Tailoring your CTA to your campaign goals is also crucial. If you aim to increase downloads of a digital product, your CTA might be “Download your guide instantly.” If you’re focused on generating leads for a real estate business, your CTA might be, “Schedule a free property valuation now.”

 

Positioning your CTA prominently so that it stands out and ensuring it’s relevant to the content of the ad and the landing page it leads to are also key factors in driving performance.

 

Lastly, don’t be afraid to experiment with different CTA phrases and formats to find out what works best for your target audience. Through continuous testing and refinement, you can improve the CTR of your Google Ads and achieve better campaign results.

Same as above, I’ve included about a 50 CTAs you can start with. It’s int he same Google spreadsheet file.

 

 

Understanding Search Intent

I would say this is probably the most important one. Understanding search intent is key in Google Ads. All keywords that you have show specific intent. Sometimes, it might be a bit vague, but usually, you can understand what a person entering a specific keyword wants. Where his head is, sort of speak.

Search intent refers to the purpose behind a user’s search query—whether they’re looking to buy a product, find information, or seek a particular service.

 

There are typically four main types of search intent:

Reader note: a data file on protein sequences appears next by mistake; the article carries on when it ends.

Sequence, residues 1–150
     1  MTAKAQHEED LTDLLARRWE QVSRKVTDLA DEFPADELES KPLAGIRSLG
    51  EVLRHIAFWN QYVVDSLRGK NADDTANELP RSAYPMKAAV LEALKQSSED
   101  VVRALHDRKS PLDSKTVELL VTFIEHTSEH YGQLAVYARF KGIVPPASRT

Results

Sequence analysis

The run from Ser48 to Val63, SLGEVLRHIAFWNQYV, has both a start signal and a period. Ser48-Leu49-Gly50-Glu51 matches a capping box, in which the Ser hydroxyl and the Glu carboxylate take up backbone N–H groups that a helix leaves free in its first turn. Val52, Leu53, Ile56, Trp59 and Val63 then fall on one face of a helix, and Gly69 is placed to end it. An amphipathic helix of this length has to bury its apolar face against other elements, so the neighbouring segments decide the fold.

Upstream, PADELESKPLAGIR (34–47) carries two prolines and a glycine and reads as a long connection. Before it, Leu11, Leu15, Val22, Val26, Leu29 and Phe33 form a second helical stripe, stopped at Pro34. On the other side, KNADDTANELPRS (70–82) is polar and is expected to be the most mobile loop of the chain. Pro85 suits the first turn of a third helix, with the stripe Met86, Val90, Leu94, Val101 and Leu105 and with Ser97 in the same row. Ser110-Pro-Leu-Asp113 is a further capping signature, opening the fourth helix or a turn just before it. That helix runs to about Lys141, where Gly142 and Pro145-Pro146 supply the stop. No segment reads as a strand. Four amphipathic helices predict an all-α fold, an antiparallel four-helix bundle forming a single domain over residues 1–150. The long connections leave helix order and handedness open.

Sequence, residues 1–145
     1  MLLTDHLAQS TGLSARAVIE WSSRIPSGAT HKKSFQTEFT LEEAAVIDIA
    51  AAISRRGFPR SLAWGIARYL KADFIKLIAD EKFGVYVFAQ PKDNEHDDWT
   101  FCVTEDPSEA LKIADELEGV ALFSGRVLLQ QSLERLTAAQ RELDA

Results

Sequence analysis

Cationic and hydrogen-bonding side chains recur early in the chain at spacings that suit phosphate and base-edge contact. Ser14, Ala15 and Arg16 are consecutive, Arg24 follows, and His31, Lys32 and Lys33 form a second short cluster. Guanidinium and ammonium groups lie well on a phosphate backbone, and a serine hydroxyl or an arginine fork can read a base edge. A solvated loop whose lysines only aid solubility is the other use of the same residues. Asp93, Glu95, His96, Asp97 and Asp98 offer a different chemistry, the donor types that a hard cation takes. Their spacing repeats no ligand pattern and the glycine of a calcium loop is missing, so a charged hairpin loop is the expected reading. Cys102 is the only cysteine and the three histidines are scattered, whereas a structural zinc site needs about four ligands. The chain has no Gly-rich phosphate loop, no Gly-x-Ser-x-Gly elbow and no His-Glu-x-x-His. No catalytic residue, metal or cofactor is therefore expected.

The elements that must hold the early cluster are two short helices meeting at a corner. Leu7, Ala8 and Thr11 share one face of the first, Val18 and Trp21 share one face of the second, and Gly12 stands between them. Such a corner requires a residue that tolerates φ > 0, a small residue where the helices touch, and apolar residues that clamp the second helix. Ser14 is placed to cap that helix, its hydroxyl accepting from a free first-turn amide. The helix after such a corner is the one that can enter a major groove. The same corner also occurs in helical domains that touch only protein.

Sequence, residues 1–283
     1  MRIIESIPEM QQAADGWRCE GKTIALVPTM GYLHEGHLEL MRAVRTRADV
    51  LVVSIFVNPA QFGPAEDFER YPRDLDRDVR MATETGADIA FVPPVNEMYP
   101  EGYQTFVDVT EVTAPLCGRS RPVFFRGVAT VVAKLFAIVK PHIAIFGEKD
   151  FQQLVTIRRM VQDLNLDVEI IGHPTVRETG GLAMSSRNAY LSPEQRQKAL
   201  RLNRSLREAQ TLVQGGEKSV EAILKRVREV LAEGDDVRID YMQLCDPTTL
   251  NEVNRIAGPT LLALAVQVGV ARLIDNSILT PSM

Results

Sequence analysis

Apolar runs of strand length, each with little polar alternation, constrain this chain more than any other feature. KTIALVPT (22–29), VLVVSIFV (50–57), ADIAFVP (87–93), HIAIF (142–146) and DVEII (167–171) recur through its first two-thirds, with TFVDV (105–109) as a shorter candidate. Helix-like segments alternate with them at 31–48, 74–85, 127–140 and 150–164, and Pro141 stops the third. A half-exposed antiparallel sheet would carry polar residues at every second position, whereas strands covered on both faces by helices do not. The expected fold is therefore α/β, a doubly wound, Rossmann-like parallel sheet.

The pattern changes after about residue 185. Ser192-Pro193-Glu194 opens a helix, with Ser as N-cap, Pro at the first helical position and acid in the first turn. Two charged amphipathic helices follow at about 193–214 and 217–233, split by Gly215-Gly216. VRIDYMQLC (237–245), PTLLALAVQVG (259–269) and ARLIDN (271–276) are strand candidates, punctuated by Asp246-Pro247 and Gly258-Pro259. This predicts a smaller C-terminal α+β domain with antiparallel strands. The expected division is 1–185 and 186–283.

Informational: The user is looking for information.

Navigational: The user is trying to navigate to a specific website or app.

Transactional: The user is ready to buy or perform another type of transaction.

Commercial: The user is researching products or services before making a purchase decision.

 

Usually, SEO teams employ this when they write content. Some experts also use that in the keyword research phase and structuring your account. I prefer a different approach, but as with everything else, there is no one golden rule.

Knowing which type of intent is behind your potential customers’ search terms enables you to tailor your ad copy and landing pages accordingly. For example, a user with transactional intent might respond better to ads that feature pricing and “buy now” CTAs, while someone with informational intent might be more interested in a free guide or additional product details.